Is it Possible or Desirable to Teach for Democracy Today?
Friday November 30, 2007 8:30 A.M.
NCSS International Assembly
International practitioners summarize diverse perspectives (Dewey, Foucault, Taba, Haley, Freire, Reich, Lynd, Lunacharsky, etc.) followed by collective discussions. A plenary session concludes. New scholars are especially welcome. Our goal is to cross borders: age, social position, nation, sex/gender, and race, for discussions of theories and practices of education for democracy.
This roundtable is designed to facilitate discussions among scholars crossing borders of nations, k12 education, university students, new and established professors, addressing an issue always facing social studies educators: democracy. Presenters have expertise on key viewpoints in the field, Dewey or Freire for example, yet each will treat the discussion not merely as an educational outlook, but a problem to be addressed, particularly in today’s concrete conditions of developing social and educational relations, in which social practice assails matters of democracy from all sides. We begin the session with an introductory statement from a renowned social studies author, presenting the question of democracy: Is it reasonable or possible, today, to promote education for citizenship in a democracy, or is democracy now the new religion, a mask for invasion, exploitation, and false divisions, a hothouse for witless forms of nationalism, a phrase turned hollow by distorted practice in schools and out?
“...in the name of democracy and individual freedom, the few as a result of their superior possessions and powers had in fact made it impossible for the masses of men (sic) to realize personal capacities and to count in the social order.” (John Dewey, 1908).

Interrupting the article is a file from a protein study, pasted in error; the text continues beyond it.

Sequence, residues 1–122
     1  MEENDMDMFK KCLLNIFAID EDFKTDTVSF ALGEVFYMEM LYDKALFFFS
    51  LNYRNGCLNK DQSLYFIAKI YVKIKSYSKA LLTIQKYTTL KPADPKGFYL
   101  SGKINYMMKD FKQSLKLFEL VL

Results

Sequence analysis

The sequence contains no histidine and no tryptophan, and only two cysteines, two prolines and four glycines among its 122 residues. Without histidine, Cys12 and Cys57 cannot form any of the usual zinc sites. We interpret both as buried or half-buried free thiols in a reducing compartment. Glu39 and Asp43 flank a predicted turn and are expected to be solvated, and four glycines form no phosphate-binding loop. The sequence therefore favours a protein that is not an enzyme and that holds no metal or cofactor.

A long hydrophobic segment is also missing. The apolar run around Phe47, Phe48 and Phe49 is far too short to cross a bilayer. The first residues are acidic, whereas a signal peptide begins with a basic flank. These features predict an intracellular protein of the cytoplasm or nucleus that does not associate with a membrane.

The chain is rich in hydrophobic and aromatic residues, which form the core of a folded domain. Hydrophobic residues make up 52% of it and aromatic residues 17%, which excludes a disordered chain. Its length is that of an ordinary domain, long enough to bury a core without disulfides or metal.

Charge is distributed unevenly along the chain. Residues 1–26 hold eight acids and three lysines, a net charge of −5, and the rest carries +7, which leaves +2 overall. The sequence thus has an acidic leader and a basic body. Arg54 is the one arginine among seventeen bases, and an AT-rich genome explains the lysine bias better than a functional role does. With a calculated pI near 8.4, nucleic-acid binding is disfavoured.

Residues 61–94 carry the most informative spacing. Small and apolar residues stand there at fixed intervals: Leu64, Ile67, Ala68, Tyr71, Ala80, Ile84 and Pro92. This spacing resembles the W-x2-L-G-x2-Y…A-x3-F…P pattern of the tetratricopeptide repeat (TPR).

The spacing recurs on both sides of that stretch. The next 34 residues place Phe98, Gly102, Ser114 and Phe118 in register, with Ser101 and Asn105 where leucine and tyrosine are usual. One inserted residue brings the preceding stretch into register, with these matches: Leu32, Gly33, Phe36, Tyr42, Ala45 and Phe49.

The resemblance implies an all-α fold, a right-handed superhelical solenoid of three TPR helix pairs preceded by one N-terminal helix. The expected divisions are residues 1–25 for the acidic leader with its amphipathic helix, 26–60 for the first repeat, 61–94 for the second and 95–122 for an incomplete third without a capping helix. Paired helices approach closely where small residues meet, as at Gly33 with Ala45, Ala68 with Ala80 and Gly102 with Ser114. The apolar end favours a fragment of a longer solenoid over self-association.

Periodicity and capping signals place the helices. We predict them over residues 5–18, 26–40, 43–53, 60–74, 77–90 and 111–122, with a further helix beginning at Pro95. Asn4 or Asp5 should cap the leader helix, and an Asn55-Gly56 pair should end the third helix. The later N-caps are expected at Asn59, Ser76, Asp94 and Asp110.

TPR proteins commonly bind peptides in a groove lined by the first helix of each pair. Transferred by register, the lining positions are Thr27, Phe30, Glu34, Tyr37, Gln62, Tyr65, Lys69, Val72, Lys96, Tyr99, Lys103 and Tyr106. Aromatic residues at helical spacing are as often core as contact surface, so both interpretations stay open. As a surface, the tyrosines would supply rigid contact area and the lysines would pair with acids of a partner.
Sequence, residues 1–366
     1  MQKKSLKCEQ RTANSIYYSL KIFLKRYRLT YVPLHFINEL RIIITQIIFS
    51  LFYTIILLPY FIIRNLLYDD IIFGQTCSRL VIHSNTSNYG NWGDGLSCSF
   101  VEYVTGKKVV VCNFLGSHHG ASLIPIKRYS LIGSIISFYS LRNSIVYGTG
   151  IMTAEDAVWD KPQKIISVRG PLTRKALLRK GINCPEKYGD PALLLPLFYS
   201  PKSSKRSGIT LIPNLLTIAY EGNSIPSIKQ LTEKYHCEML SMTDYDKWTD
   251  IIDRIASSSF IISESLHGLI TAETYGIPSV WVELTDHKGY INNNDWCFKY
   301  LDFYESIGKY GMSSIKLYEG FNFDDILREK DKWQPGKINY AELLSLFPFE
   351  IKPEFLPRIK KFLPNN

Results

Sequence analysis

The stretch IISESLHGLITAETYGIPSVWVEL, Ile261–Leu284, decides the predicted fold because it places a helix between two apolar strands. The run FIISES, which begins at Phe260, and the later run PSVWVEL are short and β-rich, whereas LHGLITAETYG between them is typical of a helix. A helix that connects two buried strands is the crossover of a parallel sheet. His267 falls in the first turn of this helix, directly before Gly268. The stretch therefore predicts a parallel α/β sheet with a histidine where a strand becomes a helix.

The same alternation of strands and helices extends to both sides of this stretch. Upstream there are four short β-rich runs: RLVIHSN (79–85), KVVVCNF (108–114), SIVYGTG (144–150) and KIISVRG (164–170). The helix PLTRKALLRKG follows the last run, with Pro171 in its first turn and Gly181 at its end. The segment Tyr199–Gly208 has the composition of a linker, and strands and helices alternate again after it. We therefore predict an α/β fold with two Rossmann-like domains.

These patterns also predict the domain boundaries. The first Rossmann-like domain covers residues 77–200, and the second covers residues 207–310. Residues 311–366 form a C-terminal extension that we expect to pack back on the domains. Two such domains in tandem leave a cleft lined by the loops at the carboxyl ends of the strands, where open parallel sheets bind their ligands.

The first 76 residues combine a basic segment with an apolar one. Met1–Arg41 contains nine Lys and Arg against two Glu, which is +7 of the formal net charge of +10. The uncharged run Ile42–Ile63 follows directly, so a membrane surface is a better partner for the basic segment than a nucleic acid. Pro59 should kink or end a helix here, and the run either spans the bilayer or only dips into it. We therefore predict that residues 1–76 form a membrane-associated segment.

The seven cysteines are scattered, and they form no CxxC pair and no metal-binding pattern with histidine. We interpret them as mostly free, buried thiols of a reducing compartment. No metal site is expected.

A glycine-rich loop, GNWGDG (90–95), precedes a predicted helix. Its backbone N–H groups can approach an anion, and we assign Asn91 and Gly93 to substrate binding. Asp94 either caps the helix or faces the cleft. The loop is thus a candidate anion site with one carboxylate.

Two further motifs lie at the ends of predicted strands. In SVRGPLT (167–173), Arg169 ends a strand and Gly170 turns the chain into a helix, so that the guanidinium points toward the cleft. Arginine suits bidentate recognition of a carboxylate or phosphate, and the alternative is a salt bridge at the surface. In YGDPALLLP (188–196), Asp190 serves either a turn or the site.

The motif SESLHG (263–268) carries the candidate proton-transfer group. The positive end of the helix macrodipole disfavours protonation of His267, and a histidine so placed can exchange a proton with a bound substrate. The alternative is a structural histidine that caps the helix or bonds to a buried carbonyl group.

The intersection of school and society grows more clear as both are tested in crises of war, the economy, the environment, and rising inequality. Chalmers Johnson in “Nemesis,” argues that imperialism, which he defines as atavistic militarism coupled with hubris, destroys democracy in the homeland. He suggests this is made possible because the citizenry is denied access to information and ready to become instruments of their own oppression within a tyranny because they are mis-educated to the point they cannot connect cause and effect. The eradication of history and social studies from the school curriculum, noted in 2006 by the president of the American Historical Association, David McCullough, might be a troublesome indicator.
In schools, where teaching democratic and critical citizens is written into most mission statements, it appears that undemocratic methods (teaching to high-stakes tests aimed at achieving curricular standards established by undemocratic means—as in Rush Limbaugh’s rejection of the history standards, and subsequently, their rejection by Congress) are openly employed in order to reach purportedly democratic conclusions.
Some surveys indicate that restrictions on academic freedom linked to promises of educator accountability through high-stakes testing are popular among U.S. citizens asked about higher education policies in major universities. A popular democracy that would assail the tradition of academic freedom must be seen as a problem.
At the same time, classroom teachers, professors, and other education workers seek to swim upstream to nevertheless teach toward democracy and social justice. But in the existing social conditions of this new century, it may be necessary to reconsider what democracy is, and whether it is socially or educationally a worthy goal.